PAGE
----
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Volume 18 Supplement 1

19th Annual SCMR Scientific Sessions

  • Oral presentation
  • Open Access

Prognostic impact of late gadolinium enhancement cardiac magnetic resonance in the risk stratification of heart transplant patients

  • 2,
  • 2,
  • 3,
  • 2,
  • 4,
  • 2,
  • 2,
  • 3, 2,
  • 2 and
  • 1
Journal of Cardiovascular Magnetic Resonance201618 (Suppl 1) :O63

https://doi.org/10.1186/1532-429X-18-S1-O63

  • Published:

Keywords

  • Cardiac Magnetic Resonance
  • Late Gadolinium Enhancement
  • Left Ventricular Mass
  • Major Cardiovascular Adverse Event
  • Cardiac Allograft Vasculopathy

Background

The aim of the present study was to assess the association of the presence and amount of late gadolinium enhancement (LGE) at cardiac magnetic resonance (CMR) with cardiovascular adverse events in patients who survived the first year after cardiac transplantation (HTx).

Methods

We enrolled 48 patients (mean age, 54.7 ± 14.6 years; 37 men) at various stages after HTx (median 9.88 yrs). All patients underwent standard CMR at 1.5 T, images were acquired with retrospective ECG gating and during repeated single breath-holds. Balanced steady-state free precession were used to obtain cine images (echo time/repetition time, 1.6/3.2 ms; flip angle, 60°; pixel size, 2.4 × 1.4 mm, slice thickness 8 mm, gap 2 mm) in three long-axis planes and in contiguous short-axis slices. LGE images were acquired in matching short-axis and long axis planes starting 10 min after intravenous injection of gadolinium-DTPA (Schering©, Berlin, Germany; 0.15 mmol/kg) and using a segmented inversion-recovery gradient echo sequence. The primary endpoint was a composite of first occurrence of major cardiovascular adverse events which required hospitalization (MACE): CV death, congestive heart failure, redo transplant, arrhythmias requiring hospitalization (high degree A-V block, sustained supraventricular tachyarrhythmias, sustained ventricular tachycardia, bradycardia requiring pace-maker implantation), coronary revascularization, the secondary endpoints were all-cause death and cardiovascular death. Survival of patients was estimated by Kaplan-Meier analysis, for each end point Cox multivariate models were constructed.

Results

Myocardial LGE was detected in 26 patients (54%) with a median amount of 9.16 g (IQR 3.01 to 21.21) corresponding to 6.4% (IQR 2. 3 to 13.25) of LV mass. Cardiac allograft vasculopathy (CAV) was diagnosed in 54% LGE positive and 23% LGE negative patients (p = 0.057). Primary and secondary end-points were recorded during the follow-up period median 5.16 years (IQR 4.33 to 6.52). Ten patients died and 26 were readmitted because of MACE. LGE presence at CMR was associated with an increased risk of sustaining an index event during follow up shown by the Kaplan-Meier survival curves (Figure, logrank test p = 0.003). Multivariate Cox analysis identified as independent predictors of MACE a diagnosis of CAV (HR 3.63;p = 0.0039), left ventricular end systolic volume index (HR1.04; p = 0.008), LGE mass (HR1.04;p = 0.0007), LGE % of left ventricular mass (HR1.083; p = 0.0002). Independent predictors of all-cause death were CAV (HR 6.33;p = 0.0201), LGE mass (HR1.04; p = 0.005), LGE % of left ventricular mass (HR1.075; p = 0.007) whereas cardiovascular death was predicted by CAV (HR 10.8; p = 0.0263) and LGE mass (HR1.04; p = 0.0037).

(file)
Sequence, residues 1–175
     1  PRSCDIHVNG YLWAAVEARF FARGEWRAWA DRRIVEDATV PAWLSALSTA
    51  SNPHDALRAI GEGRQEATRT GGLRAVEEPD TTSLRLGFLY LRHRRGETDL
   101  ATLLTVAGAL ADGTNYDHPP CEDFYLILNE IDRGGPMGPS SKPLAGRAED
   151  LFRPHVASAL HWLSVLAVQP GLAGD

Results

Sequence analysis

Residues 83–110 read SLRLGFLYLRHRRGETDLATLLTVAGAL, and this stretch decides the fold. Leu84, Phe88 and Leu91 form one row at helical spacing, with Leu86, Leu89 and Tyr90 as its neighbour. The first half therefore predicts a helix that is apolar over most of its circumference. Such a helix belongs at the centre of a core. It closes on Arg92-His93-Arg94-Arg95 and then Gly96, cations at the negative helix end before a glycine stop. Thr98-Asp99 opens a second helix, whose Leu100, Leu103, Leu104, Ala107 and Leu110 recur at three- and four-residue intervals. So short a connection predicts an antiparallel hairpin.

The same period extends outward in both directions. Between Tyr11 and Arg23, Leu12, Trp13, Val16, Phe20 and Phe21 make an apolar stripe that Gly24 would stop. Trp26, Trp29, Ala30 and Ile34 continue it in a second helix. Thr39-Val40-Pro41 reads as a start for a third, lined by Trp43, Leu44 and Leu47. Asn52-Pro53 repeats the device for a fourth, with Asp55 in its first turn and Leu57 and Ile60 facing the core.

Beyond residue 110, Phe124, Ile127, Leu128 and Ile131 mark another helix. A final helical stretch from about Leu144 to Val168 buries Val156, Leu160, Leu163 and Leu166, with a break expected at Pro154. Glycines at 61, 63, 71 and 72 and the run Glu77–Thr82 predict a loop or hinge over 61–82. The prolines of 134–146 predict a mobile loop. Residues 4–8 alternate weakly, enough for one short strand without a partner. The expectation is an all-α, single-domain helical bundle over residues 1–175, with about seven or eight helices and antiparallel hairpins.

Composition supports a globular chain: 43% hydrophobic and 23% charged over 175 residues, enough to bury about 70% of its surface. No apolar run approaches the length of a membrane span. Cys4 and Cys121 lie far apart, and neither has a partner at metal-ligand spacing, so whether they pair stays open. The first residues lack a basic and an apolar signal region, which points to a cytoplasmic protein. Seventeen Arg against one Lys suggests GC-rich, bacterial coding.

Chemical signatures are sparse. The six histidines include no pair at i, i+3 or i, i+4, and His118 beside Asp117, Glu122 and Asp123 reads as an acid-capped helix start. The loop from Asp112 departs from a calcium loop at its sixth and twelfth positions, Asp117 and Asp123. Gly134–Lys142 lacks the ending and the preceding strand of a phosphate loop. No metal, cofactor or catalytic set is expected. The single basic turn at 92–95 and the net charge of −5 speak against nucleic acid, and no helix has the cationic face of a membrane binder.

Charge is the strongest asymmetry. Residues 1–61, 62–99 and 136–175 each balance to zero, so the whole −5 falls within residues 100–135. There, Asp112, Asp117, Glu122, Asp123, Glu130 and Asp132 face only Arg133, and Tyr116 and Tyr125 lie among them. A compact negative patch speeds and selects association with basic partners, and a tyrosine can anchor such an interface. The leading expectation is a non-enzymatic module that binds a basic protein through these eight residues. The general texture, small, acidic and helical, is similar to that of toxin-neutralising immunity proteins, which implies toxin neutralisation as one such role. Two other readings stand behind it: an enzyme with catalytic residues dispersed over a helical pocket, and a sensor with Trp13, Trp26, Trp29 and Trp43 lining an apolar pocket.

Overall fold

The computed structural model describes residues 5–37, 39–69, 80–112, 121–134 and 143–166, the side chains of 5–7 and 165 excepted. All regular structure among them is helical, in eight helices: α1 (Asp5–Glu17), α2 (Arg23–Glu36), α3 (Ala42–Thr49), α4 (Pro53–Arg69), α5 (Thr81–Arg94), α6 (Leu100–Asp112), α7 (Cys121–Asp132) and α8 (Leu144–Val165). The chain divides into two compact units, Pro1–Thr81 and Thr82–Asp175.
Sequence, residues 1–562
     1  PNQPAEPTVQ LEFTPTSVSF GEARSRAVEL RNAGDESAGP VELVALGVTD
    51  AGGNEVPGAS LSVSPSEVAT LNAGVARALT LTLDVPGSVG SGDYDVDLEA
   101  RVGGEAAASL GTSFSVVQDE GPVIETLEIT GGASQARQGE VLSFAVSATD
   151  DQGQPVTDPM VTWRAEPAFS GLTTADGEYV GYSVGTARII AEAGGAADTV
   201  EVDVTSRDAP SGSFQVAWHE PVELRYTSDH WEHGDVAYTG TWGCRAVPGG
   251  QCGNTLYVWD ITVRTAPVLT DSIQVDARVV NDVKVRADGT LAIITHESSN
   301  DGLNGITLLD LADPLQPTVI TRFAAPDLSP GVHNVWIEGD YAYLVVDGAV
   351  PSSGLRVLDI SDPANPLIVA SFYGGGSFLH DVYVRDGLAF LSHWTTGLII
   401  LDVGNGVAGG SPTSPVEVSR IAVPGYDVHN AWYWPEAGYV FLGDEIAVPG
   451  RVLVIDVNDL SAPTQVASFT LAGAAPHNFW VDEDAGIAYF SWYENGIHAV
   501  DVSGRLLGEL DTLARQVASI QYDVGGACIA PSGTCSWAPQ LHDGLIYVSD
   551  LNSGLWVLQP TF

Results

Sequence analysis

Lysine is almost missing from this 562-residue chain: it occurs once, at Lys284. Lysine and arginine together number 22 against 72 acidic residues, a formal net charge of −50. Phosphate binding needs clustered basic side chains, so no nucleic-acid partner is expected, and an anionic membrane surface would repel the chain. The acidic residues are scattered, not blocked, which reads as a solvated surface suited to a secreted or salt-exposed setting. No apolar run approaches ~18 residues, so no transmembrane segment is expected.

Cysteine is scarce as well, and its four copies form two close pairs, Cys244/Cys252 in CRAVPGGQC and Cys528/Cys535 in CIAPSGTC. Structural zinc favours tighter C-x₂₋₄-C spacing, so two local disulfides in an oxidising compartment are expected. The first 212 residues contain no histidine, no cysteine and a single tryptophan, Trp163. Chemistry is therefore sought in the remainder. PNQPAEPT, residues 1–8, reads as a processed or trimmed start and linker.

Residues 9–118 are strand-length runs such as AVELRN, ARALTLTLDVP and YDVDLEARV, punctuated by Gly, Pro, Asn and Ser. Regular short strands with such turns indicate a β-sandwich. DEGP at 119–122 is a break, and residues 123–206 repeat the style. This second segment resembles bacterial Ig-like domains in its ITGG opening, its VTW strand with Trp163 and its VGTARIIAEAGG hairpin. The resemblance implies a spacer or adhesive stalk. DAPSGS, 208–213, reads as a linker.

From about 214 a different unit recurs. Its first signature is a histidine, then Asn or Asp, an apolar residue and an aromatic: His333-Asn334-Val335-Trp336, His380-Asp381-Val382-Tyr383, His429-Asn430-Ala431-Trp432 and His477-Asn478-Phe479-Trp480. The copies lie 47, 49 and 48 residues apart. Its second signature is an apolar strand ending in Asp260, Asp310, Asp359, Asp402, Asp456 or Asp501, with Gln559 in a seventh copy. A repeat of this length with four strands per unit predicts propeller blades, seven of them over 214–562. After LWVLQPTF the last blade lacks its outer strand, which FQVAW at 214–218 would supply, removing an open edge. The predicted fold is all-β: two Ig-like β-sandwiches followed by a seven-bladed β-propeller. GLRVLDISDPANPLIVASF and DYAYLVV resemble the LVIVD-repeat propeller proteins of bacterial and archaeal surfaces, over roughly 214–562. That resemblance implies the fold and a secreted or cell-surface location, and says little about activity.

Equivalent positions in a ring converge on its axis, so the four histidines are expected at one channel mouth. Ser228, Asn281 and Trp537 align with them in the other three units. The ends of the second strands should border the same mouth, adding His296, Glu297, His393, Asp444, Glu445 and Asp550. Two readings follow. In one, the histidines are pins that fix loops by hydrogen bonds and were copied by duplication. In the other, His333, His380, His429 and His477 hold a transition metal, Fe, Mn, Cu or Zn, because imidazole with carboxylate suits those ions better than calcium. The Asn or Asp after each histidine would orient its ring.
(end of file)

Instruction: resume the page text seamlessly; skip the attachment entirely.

Conclusions

In survivors after 1 year from HTx the presence of CAV and the amount of LGE are strongly associated with MACE and mortality.
Figure 1
Figure 1

Kaplan-Meier event-free survival curve for occurrence of MACE patients grouped by presence or absence of LGE.

Authors’ Affiliations

(1)
IBFM, CNR, Segrate, Italy
(2)
Cardiology, Ospedale Niguarda, Milan, Italy
(3)
Health Science Dept, Bicocca University, Milan, Italy
(4)
Clinica Villa dei fiori, Acerra, Italy

Copyright

© Pedrotti et al. 2016

This article is published under license to BioMed Central Ltd. This is an Open Access article distributed under the terms of the Creative Commons Attribution License (http://creativecommons.org/licenses/by/4.0), which permits unrestricted use, distribution, and reproduction in any medium, provided the original work is properly cited. The Creative Commons Public Domain Dedication waiver (http://creativecommons.org/publicdomain/zero/1.0/) applies to the data made available in this article, unless otherwise stated.

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